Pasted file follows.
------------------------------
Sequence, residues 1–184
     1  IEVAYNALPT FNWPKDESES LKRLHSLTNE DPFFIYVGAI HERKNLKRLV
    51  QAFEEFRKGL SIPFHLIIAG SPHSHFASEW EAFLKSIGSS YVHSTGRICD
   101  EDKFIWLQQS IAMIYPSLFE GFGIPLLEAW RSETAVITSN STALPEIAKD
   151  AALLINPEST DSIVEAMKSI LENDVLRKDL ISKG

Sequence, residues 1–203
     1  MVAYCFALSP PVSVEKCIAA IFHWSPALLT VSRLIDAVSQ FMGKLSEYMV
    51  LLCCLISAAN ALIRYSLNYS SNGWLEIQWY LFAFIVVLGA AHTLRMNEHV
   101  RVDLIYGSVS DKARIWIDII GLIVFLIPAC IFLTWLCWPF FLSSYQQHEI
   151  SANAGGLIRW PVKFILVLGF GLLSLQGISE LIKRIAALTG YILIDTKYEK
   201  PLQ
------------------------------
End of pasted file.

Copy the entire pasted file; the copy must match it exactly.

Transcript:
Sequence, residues 1–184
     1  IEVAYNALPT FNWPKDESES LKRLHSLTNE DPFFIYVGAI HERKNLKRLV
    51  QAFEEFRKGL SIPFHLIIAG SPHSHFASEW EAFLKSIGSS YVHSTGRICD
   101  EDKFIWLQQS IAMIYPSLFE GFGIPLLEAW RSETAVITSN STALPEIAKD
   151  AALLINPEST DSIVEAMKSI LENDVLRKDL ISKG

Sequence, residues 1–203
     1  MVAYCFALSP PVSVEKCIAA IFHWSPALLT VSRLIDAVSQ FMGKLSEYMV
    51  LLCCLISAAN ALIRYSLNYS SNGWLEIQWY LFAFIVVLGA AHTLRMNEHV
   101  RVDLIYGSVS DKARIWIDII GLIVFLIPAC IFLTWLCWPF FLSSYQQHEI
   151  SANAGGLIRW PVKFILVLGF GLLSLQGISE LIKRIAALTG YILIDTKYEK
   201  PLQ